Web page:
FCC Issues Tentative Meeting Agenda Addressing Spoofing and Disabilities Access Before Federal Government Shutdown

Just before suspending most operations due to the ongoing partial federal government shutdown, the FCC announced its tentative agenda for its next open meeting, scheduled for January 30, 2019. While the January agenda is brief compared to the jam-packed meetings that typified 2018, the FCC plans to adopt items to advance new anti-spoofing measures combating manipulated caller ID information and take further action to address the management and handling of 911 calls for the IP Captioned Telephone Service (“IP CTS”) that aids communication by those with hearing loss. Rounding out the notable meeting items, the FCC would adopt a mechanism to phase down legacy high-cost support for price cap carriers as well as competitive carriers previously subject to the identical support rule” and transition such support to the winners of the recent Connect America Fund (“CAF”) Phase II auction.

You will find more details on the significant January meeting items after the break:

Expanding Anti-Spoofing Enforcement: The draft Notice of Proposed Rulemaking would seek comment on adopting anti-spoofing reforms mandated by the RAY BAUM’s Act passed last year. Specifically, the FCC plans to extend its authority to punish anti-spoofing violations for communications originating from foreign points to recipients within the United States. The FCC would argue that its existing authority, which is limited to communications initiated within the country, has hampered enforcement efforts against foreign operations that generate consumer complaints. The FCC also would seek comment on amending its anti-spoofing rules to cover some of the most widely-used forms of text messaging as well as all voice services that connect to the public switched telephone network. The FCC’s proposal would maintain the exemption for IP-enabled messaging services, such as the popular iMessage, Google Hangouts, WhatsApp, and Skype, which do not rely on the traditional telephone network. Finally, the FCC would ask what other changes it should adopt to better prevent the transmission of inaccurate or misleading caller ID information.

IP CTS User Registration and 911 Calling: The draft Report and Order, Further Notice of Proposed Rulemaking, and Order would require IP CTS providers to submit user data to the FCC’s database currently used to register users of the similar Video Relay Service. The draft argues such action is necessary to reduce waste, fraud, and abuse in the program, which has seen exponential growth in spending. Over a six-month period, all IP CTS providers (there currently are five) would be required to collect and submit user information like name, address, unique IP CTS equipment identifier, last four digits of social security number, and other data. The database would conduct an identity verification check and IP CTS providers would only be able to seek compensation for providing service to verified users. The FCC also would seek comment on streamlining the transmission of 911 calls made through IP CTS by reducing the information collection requirements currently imposed on service providers. Instead of having to provide detailed caller information to the relevant public safety answering point, service providers would instead connect the 911 call, provide a callback number for the user, and ensure the user receives captions on any callback. The FCC plans to waive the caller detail requirements for IP CTS service providers while it considers the proposed rule changes.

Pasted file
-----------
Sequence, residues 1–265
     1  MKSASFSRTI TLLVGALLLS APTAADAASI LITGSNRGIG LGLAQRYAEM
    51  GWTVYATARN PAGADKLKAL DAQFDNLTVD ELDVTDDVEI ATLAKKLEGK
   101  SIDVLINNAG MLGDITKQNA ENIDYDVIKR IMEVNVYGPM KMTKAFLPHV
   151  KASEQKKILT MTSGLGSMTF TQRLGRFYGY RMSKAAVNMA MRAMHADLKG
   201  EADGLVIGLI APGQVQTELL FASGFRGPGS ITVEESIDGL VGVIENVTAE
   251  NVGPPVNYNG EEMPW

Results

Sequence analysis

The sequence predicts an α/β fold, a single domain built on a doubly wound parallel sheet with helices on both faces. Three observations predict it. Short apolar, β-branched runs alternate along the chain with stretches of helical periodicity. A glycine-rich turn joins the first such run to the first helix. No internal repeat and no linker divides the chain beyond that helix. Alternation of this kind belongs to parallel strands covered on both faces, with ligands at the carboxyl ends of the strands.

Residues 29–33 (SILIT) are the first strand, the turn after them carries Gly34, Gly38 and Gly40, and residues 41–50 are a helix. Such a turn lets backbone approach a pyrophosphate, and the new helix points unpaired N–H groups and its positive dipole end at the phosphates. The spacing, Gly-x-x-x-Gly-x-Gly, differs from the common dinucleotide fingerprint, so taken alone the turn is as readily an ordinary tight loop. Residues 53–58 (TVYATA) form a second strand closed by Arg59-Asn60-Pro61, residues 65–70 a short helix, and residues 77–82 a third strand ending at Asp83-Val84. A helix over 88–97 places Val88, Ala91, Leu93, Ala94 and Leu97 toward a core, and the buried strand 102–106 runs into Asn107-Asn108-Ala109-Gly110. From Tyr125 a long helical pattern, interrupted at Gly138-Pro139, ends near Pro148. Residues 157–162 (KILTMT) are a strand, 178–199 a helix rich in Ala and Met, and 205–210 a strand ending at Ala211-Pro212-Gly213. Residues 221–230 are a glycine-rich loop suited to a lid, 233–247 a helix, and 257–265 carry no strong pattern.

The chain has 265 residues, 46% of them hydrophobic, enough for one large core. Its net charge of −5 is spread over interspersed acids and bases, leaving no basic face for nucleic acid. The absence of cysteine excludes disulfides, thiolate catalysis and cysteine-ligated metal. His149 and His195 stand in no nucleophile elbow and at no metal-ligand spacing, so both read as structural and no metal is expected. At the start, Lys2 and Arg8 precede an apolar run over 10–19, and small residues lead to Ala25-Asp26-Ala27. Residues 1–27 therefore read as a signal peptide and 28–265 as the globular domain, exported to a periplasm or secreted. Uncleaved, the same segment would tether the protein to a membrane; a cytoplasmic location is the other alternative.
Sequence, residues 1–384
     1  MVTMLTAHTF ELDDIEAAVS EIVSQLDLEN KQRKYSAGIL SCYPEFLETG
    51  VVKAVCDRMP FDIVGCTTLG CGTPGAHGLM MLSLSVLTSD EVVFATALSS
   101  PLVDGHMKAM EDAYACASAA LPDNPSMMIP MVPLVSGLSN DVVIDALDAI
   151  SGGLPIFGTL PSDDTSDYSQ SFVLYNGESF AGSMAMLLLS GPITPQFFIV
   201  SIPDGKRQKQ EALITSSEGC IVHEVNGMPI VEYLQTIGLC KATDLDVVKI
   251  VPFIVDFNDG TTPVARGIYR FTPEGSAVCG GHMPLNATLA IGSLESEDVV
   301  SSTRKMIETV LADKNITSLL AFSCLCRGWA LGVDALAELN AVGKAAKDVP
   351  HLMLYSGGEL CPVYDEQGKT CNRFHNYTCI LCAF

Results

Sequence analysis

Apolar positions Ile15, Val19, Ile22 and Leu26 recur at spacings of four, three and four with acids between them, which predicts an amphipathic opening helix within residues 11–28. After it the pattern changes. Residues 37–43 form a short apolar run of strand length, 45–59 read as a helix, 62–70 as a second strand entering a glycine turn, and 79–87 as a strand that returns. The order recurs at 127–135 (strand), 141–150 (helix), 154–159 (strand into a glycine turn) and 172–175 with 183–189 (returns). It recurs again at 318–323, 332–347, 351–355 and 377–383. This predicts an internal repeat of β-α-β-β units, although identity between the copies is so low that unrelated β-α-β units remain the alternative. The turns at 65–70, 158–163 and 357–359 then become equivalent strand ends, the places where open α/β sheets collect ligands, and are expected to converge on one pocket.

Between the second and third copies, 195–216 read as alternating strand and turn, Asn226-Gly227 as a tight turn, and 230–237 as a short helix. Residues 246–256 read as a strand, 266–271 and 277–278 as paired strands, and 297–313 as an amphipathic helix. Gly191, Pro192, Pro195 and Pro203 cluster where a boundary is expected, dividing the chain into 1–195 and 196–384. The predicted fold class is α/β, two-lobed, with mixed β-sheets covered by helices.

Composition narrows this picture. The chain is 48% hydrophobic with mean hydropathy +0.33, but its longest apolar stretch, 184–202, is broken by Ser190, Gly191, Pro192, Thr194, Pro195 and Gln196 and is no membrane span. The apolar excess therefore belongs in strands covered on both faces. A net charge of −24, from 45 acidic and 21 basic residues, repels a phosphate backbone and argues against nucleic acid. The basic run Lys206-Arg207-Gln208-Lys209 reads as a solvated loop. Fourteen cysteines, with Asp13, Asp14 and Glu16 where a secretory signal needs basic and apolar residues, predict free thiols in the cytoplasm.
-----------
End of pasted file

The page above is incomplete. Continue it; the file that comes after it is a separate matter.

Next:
CAF Phase-Down and Transition: The draft Report and Order would establish a schedule to end CAF Phase I support for price cap carriers and competitive carriers that provided service to fixed locations under the old identical support rule,” transitioning such support to the winners of the CAF Phase II auction that concluded in August 2018. Phase I support currently received by price cap carriers would be eliminated beginning on the first day of the month following another provider’s authorization to receive Phase II support in an area. If the existing price cap carrier was the winning bidder in the Phase II auction, its support would be converted to Phase II support once the FCC’s Wireline Competition Bureau authorizes support distribution for the area. Meanwhile, Phase I support currently received by the competitive carriers would be phased down over the course of two years. For the first 12 months following the authorization of a new CAF Phase II service provider for the area, the carrier would receive two-thirds of its current support. The following 12 months, the carrier would receive one-third of its current support. The support then would terminate. The FCC would continue to provide Phase I support to existing service providers in areas that did not receive any winning bids in the CAF Phase II auction. The FCC would offer legacy support recipients the option to decline further support, freeing them from many (but not all) of their existing high-cost service obligations.

Note that the FCC may revise its meeting agenda to add or remove items – or reschedule the meeting entirely – depending on how long the shutdown lasts. The shutdown prevents stakeholders from meeting with FCC staff about the proposed items and, while the FCC’s comment system remains open to accept new filings, the dockets will not be updated until after the agency resumes normal operations.